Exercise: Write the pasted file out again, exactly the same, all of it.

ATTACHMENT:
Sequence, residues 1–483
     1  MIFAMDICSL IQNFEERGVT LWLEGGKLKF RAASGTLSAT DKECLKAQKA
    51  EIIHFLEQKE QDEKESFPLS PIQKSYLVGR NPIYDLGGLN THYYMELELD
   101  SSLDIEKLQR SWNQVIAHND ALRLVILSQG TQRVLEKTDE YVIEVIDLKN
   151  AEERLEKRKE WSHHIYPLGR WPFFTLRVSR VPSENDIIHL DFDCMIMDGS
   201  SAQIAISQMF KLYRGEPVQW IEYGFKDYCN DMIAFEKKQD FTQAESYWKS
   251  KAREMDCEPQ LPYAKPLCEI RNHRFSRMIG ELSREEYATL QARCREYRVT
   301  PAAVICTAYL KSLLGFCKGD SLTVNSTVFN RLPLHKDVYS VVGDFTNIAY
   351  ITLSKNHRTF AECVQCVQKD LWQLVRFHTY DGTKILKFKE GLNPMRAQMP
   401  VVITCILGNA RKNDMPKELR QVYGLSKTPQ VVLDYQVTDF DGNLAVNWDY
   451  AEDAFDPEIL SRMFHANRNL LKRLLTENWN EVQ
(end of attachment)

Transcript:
Sequence, residues 1–483
     1  MIFAMDICSL IQNFEERGVT LWLEGGKLKF RAASGTLSAT DKECLKAQKA
    51  EIIHFLEQKE QDEKESFPLS PIQKSYLVGR NPIYDLGGLN THYYMELELD
   101  SSLDIEKLQR SWNQVIAHND ALRLVILSQG TQRVLEKTDE YVIEVIDLKN
   151  AEERLEKRKE WSHHIYPLGR WPFFTLRVSR VPSENDIIHL DFDCMIMDGS
   201  SAQIAISQMF KLYRGEPVQW IEYGFKDYCN DMIAFEKKQD FTQAESYWKS
   251  KAREMDCEPQ LPYAKPLCEI RNHRFSRMIG ELSREEYATL QARCREYRVT
   301  PAAVICTAYL KSLLGFCKGD SLTVNSTVFN RLPLHKDVYS VVGDFTNIAY
   351  ITLSKNHRTF AECVQCVQKD LWQLVRFHTY DGTKILKFKE GLNPMRAQMP
   401  VVITCILGNA RKNDMPKELR QVYGLSKTPQ VVLDYQVTDF DGNLAVNWDY
   451  AEDAFDPEIL SRMFHANRNL LKRLLTENWN EVQ